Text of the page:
O Tannenbaum

403px-F_Krüger_VorweihnachtDuring the fourth century, the practice of bringing evergreen trees indoors, during the dark days of winter, spread across Europe. In medieval Germany, the increase in Christianity gave rise to a new tradition.  Germans began decorating the trees with apples to represent the garden of Eden. “Paradise trees” were soon decorated with additional food items like nuts and sugar wafers.

As Germans immigrated to other parts of the world, they took their Christmas tree tradition with them.  in 1848, Queen Victoria encouraged her German husband, Prince Albert to decorate a tree like those he had in his childhood. This Victorian tree, decorated with sweets, ornaments and candles was featured in the Illustrated London News.  Suddenly, people in England and the United States created increasingly elaborate trees in an attempt to outdo one another. German artisans began crafting delicate glass ornaments and in 1882 Edward Johnson, an associate of Thomas Edison, created the first strand of Christmas tree lights.  This year, over 100 million Christmas trees will be on display worldwide.  For more details see History of Christmas Trees – Christmas – HISTORY.com.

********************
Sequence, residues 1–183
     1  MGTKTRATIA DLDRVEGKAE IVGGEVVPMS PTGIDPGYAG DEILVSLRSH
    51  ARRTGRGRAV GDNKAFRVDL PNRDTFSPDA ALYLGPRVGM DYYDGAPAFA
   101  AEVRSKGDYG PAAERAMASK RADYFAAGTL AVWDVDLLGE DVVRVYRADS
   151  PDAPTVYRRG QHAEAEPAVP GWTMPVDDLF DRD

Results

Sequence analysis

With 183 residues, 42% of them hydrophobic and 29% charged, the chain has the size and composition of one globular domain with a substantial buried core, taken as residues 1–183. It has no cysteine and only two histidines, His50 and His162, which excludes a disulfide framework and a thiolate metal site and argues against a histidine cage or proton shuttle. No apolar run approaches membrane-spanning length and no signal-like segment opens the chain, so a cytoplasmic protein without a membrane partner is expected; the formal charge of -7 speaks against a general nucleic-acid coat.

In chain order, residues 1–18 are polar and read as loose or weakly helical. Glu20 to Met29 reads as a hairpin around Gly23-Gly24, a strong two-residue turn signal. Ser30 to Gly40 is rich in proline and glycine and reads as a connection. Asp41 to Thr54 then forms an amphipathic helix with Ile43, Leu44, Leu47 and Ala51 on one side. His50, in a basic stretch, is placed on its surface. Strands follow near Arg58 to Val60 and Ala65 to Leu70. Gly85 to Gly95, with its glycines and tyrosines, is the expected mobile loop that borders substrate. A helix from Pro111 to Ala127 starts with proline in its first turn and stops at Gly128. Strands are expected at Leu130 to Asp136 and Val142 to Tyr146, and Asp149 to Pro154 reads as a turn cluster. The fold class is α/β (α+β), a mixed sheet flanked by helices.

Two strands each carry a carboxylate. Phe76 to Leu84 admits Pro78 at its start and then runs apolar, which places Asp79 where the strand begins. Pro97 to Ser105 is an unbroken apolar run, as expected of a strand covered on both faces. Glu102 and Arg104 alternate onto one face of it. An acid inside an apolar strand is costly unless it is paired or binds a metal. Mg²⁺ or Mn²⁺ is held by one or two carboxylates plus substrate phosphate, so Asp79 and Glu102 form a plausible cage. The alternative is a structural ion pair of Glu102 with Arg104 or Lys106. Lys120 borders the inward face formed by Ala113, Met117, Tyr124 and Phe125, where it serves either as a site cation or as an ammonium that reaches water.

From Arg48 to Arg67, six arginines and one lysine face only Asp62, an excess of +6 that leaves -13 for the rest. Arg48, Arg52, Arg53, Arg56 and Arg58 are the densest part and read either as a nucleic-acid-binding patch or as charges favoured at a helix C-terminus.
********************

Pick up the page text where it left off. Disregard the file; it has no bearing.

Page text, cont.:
The music for “O Tannenbaum” is from a 16th century German folk song.  There are multiple versions of lyrics with this tune. Although I do not speak German I prefer “O Tannenbaum” to the English language “Oh Christmas Tree”. The buttery smooth voice of Nat King Cole probably has something to do with that. Now when you hear this song, or see a Christmas tree think of the Germans and Queen Victoria, and thank them for this centerpiece of our Christmas traditions.